The Sunday Scoop

Any writer can relate to the current state of Mind dominating my days: wrapped up in my characters and plot, living in a different time and place from good old Sonnystone Acres. Since these characters are also my relatives, there’s another level of imagination added — putting 2plus2 together from stories and facts.

Right now, I’m living 100-years in the past, WWI, trains and automobiles, bobbed hair and suffragettes. In particular, my great-grandfather and his family moved from the farm in southern Illinois to Evansville, Indiana to work as a brakeman for the L&N Railroad in around 1914. In addition to my great-grandfather, Ed Stallings, the family included my my great-grandmother Gainsey, and their children, Vivian, Verla (my grandmother), and Maurice and they lived in Howell, a neighborhood on the edge of the train yards that had been built by L&N for its workers; it was literally surrounded by the tracks and the trainyard.

I lived in Howell in 1974 when I was pregnant with my daughter and remember that my then-mil was worried that the trains would trap me there when I needed to get quickly to the hospital. It’s true that we often waited forever when they were hooking and unhooking the train cars, but I didn’t have a problem.

There were train tracks everywhere in Evansville when I was growing up; the “highway” came right through town and the tracks impeded any kind of traffic flow going north-south. The “highway” going east-west had a train track right down the middle — I was terrified to drive on it when the trains were wobbling back and forth a foot from my car!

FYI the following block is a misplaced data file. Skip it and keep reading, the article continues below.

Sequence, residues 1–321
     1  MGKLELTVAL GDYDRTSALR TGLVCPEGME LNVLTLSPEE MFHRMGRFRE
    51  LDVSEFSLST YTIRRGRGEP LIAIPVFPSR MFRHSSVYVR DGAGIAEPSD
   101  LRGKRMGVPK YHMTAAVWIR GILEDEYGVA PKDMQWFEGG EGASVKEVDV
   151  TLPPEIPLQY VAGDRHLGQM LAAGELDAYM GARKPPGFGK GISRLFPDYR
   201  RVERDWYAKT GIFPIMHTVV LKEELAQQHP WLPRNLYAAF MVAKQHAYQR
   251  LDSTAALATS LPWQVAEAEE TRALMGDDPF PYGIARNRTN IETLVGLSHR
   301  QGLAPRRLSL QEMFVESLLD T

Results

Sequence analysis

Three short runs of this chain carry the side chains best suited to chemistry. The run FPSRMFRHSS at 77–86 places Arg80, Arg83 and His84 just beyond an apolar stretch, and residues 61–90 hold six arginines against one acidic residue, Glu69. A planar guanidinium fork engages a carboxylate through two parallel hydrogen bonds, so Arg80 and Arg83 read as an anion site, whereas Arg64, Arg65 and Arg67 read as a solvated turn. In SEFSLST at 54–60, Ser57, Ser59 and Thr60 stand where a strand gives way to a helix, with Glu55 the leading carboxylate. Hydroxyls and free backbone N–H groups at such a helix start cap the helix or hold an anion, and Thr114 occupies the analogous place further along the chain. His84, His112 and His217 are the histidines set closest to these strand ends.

Since my great-grandfather worked for L&N, his family got to ride for free and the Stallings ancestors rode the trains to visit relatives in St. Louis frequently during those days. I only was able to take one trip, from Chicago to Evansville, when I was about 6 or 7. I remember my sister getting mad at me because I got the hiccups and kept saying “excuse” me after each hic…and also the conductor going down the aisle announcing “Terre Haute, next stop! Next stop, Terre Haute!”.

It wasn’t just Evansville, of course, where we were accustomed to hear and see trains. The highways often had tracks that ran parallel and I remember my uncle “outrunning” one as I rode in a 3-hole Buck packed with cousins, aunts, and grandma to visit my Aunt Almeda in West Frankfort, IL.

The sound of a train in the distance transports me to my childhood, fills me with a nostalgic yearning for “the good old days” when I was a kid. As John Prine put it…”I can hear the train tracks through the laundry on the line.”

The kitchen cabinets are looking good…

I’ve got to get back to my imaginary world and move the ancestors on to 1920s, another mind-blower…the prohibition of alcohol from January, 1920 to December, 1933. Can you imagine how people would take to Prohibition today? With all the screaming about constitutional rights and citizens united, can you imagine what would happen if the government started tearing down businesses and destroying their product? Interestingly, it was during the Prohibition years that my family began to drink! I carry on the best I can…

Peace

2 thoughts on “The Sunday Scoop

  1. Your cabinets look great, and how much lighter the kitchen! I can’t recall ever seeing trains EXCEPT on television until moving to Omaha, where we were surrounded by them every time we took a ride. My son was obsessed with them, so we’d drive daddy to work and wait for a train or two to come by. Fun times. Blessings!

    Liked by 1 person

    1. The kitchen feels like it has expanded! Our beautiful old L&N Station was torn down and replaced by the “urban renewal” of the 60s. We still have a (much smaller) trainyard, of course, but all the romance is gone…

      Like

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